Originally published here

“Equality is a false god.”

You will be familiar with this phrase if you have spent any time in right-wing spaces online. Well-known among the Right, this aphorism represents the fundamental rejection of the left-wing worldview. It is a recognition of the fact that ‘equality’, as imagined and espoused by leftists, is a lie and an impossibility; a fanciful promise made by and for idealistic midwits whose political vision begins from the lofty heights of abstract theory, far removed from anything tangible, possible, or achievable, and whose understanding of power, nature, and man himself is insufficient.

It is a rejection of equality as “god”; that is, the supreme good, the political and philosophical summum bonum. That position, however, must be occupied by something. So if not equality, then what? Many on the Right might answer “freedom”; and in light of the increasing authoritarianism of the so-called ‘woke’, the doomed and ruinous pandemic policies, and the emergence of insidious proposals like 15-minute cities, digital IDs, central bank digital currencies, and—the prize—the social credit system, this is entirely understandable. Yet, I would like to put forward the case that freedom, like equality, is a false god, and that conservatives should be wary of adopting it as their prime value.

The appeal to freedom is wedded to no particular political position. It is employed by many different groups, from tax-hating libertarians to class-conscious communists. Thus, the language of freedom can be easily adopted by those whose goals we thoroughly oppose. For example, it is in the name of freedom that leftists demand universal access to elective abortion. It is in the name of freedom that we are demanded to recognise and respect make-believe identities and use the accompanying make-believe language. It is in the name of freedom that we allow vulnerable people to undergo irreversible surgeries and become lifelong medical patients in service of “living their truth.” It is in the name of freedom that we open our borders to any and all who wish to come here. The French Revolutionaries butchered their enemies in their thousands as “enemies of freedom.” The devilish philosophy of Jean Jacques Rousseau that underpinned their campaign has freedom as its ultimate goal. Equality itself is cited as a means to freedom, and Marx argues that the communist utopia alone will yield this end. If you state “freedom” as your ultimate value, opposition to any of this will have you branded a hypocrite; and this is, in fact, quite justifiable.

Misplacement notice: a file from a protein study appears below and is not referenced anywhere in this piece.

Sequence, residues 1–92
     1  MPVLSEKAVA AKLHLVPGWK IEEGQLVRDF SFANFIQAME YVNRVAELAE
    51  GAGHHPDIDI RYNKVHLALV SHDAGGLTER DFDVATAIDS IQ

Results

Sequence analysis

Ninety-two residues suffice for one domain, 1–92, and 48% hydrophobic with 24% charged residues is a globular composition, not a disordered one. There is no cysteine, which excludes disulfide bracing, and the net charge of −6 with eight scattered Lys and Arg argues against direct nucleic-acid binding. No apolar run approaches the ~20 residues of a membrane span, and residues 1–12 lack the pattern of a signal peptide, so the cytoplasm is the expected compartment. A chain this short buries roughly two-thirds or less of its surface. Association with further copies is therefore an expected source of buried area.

Part of the problem is the flexibility of the term ‘freedom’. Different groups claim it to mean different things, and, as such, it has no one fixed definition. Some, like Thomas Hobbes, believe freedom to be purely negative; that is, a condition in which a subjective agent can act unimpeded by external obstacles. Others, like Rousseau, believe in a ‘positive’ freedom; that is, freedom from any restriction at all facilitated by access to power and resources.

Whichever definition one subscribes to, the appeal to a general freedom tends to be employed by those speaking from a position outside of power. Hence, why the Right are currently the ones primarily associated with it. Yet, the alliance that the Right has with the cause of freedom is merely one of circumstance, and we must not allow transient circumstances to cloud our view of what we truly value. The appeal to freedom can be a powerful rhetorical technique, but freedom itself should not be held as the prime conservative ideal.